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The International Symposium of Minpaku Special Project “Global Area Studies: Towards a New Epistemology for Mapping the Globalizing World”

2023年03月11日 @ 10:00 – 2023年03月12日 @ 17:30 Asia/Tokyo Timezone
Meeting Room 1, National Museum of Ethnology, Osaka

Global Area Studies: Toward a New Epistemology for Mapping the Globalizing World

Date Saturday, March 11 – Sunday, March 12, 2023
Venue Meeting Room 1, National Museum of Ethnology, Osaka
(Public participation is Zoom online only, Simultaneous interpretation is available)
Language English and Japanese (simultaneous interpretation available)
Organizer Global Area Studies: Toward a New Epistemology for Mapping the Globalizing World
Cosponsership NIHU Global Area Studies Program: The Global Mediterranean
Registration Registration Form Until March 8(wed) 2023
Inquiry E-mail:gassympo2023[at]
(Please replace [at] with @)


In troubled times, fantasies become popular. They did so during the French Revolution and after the Great Kanto Earthquake of Japan in 2011. This probably also applies to the present day and the widely popular Kimetsu no Yaiba (Demon Slayer) anime series. A French translation by Antoine Galland of the Arabian Nights was published in 1704-1717, but it is believed that the original text, which did not include the famous tale of Aladdin, was based on narration by a Maronite Christian in Syria. In Japan, Mt. Fuji went into violent eruption in 1707, releasing ash into the atmosphere. In the following year, a famine and social anxiety appeared in Syria, and the Maronites, who represented French interests, sought protection from King Louis XIV, dispatching the above-mentioned Maronite to Paris. In France, a wave of extreme cold weather claimed many deaths. We don’t know exactly how Galland met the Maronite, perhaps by chance, and how the tale of Aladdin as a fantasy was written – prompting the birth of children’s literature, which soon helped form modern ethical views. Nevertheless, we can suggest that a succession of interrelated events linked macroscopic environmental changes to microscopic states of the human mind or mentality.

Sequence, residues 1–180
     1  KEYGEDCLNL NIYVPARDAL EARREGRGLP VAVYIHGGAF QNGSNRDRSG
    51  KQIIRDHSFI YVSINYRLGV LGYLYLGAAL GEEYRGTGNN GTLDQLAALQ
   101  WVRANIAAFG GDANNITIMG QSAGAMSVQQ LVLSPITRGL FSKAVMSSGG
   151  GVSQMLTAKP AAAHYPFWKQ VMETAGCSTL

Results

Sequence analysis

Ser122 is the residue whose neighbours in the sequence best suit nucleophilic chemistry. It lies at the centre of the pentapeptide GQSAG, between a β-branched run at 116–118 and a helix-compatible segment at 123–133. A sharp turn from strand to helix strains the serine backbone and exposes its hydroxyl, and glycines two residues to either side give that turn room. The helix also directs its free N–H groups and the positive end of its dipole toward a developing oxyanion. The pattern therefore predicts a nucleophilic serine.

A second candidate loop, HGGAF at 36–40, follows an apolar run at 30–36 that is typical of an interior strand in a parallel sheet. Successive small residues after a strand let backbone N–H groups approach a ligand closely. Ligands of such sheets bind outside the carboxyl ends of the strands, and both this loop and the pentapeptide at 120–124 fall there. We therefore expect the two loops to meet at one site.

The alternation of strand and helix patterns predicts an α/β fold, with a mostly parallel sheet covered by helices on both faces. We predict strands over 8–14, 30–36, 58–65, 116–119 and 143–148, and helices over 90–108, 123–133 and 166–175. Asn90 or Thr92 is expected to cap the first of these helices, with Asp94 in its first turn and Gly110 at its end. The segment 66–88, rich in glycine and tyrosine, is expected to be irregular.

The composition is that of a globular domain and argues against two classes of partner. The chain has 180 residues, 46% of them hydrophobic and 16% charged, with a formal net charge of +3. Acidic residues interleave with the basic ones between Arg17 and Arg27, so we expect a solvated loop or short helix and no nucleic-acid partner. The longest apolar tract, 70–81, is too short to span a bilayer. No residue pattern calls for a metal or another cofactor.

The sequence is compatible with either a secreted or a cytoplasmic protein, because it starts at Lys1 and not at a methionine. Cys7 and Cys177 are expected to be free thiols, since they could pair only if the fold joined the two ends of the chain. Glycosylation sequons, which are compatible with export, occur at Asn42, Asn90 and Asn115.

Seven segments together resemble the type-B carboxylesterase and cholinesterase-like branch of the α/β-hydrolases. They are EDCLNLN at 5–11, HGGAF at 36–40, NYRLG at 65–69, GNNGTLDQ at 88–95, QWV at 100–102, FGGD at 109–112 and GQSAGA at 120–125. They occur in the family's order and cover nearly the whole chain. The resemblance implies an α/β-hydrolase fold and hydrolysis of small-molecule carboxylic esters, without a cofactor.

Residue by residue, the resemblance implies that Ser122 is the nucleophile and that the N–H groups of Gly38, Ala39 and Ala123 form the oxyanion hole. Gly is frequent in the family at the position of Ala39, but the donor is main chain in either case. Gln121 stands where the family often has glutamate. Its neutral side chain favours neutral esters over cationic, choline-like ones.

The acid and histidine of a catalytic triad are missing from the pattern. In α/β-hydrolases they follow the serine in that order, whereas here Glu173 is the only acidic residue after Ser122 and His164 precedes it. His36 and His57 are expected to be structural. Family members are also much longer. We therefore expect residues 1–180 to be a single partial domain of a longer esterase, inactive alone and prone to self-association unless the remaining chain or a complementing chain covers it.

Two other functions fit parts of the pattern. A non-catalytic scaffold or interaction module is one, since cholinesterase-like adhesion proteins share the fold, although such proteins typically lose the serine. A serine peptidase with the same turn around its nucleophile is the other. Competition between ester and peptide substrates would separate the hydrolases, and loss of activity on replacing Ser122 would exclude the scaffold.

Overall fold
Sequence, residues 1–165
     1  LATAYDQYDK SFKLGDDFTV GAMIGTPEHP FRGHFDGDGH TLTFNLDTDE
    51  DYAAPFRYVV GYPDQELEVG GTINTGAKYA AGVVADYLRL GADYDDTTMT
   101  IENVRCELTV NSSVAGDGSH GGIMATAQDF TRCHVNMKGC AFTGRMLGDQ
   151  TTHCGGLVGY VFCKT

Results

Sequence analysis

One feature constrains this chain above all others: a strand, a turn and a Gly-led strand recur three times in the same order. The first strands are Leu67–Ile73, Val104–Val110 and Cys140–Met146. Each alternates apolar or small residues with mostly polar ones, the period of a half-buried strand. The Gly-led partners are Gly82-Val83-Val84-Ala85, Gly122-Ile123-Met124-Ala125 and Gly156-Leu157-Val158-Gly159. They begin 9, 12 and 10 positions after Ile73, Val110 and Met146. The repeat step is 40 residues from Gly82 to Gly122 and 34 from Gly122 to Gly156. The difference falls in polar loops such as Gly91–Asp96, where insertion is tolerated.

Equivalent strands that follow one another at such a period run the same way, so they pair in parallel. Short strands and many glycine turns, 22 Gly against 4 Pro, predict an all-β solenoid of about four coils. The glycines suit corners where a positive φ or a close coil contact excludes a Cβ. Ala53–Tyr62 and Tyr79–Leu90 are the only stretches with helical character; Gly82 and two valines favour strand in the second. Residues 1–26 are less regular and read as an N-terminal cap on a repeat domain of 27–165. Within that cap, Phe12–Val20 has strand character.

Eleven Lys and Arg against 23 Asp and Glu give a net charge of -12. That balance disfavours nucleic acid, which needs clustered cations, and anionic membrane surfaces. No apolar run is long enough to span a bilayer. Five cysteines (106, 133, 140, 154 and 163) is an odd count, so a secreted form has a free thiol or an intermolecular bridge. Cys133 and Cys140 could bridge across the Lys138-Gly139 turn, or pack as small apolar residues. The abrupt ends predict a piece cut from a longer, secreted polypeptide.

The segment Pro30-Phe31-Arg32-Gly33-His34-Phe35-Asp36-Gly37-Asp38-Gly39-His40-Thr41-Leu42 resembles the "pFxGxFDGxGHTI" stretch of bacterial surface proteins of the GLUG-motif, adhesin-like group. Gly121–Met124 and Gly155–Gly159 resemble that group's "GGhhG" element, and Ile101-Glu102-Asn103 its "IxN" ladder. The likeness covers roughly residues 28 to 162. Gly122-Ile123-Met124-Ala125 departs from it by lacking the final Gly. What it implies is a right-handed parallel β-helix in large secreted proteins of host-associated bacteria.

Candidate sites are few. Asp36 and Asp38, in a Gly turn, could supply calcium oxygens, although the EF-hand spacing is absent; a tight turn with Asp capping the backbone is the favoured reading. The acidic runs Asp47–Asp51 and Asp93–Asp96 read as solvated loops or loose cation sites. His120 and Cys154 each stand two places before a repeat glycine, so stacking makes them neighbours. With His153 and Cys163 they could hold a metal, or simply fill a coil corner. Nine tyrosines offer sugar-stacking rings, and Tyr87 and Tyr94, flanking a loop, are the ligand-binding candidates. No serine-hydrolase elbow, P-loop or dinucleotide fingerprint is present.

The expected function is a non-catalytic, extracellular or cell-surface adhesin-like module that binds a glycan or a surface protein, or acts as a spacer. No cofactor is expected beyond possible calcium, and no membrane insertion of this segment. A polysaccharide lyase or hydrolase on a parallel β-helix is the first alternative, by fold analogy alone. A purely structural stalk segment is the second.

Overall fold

In 2020 we experienced phenomena that fundamentally shook the connection between individuals and their community in the global society. The practices of individuals transcended local communities and national systems and had direct impacts on global society, causing global society and individuals to confront each other. I must emphasize the need for global area studies to grasp the real facts of global society in terms of how they were felt intuitively by people. Practical studies to solve today’s problems of the global environment are complicatedly interrelated in temporal, spatial, and cross-sectional terms. We need to build a model of linkage between environment and mentality that replaces the previous Cartesian analytical model that positions society, regions, and the world around or external to individuals. The new model should elucidate culture, civilization, and the world as a system of relations and values that encompasses individuals.

The global (and digital) environment transcends geography and the natural, social environment, and former mass media environments. It transcends the space created by human beings as individuals in their interactions with nature, in the living space in which natural resources and cultural resources are connected and involved, in the social space along the edge of the living space in which regional characteristics and civilizational values are involved. It also transcends the global-area-conscious space that exists along the edge of the social space. All these relations must be recognized to map the present global society. We can recognize the relationships between social and economic systems, and between natural and ecological systems, as a system of problems related to relationships between the environment and the universal cognitive system of human beings.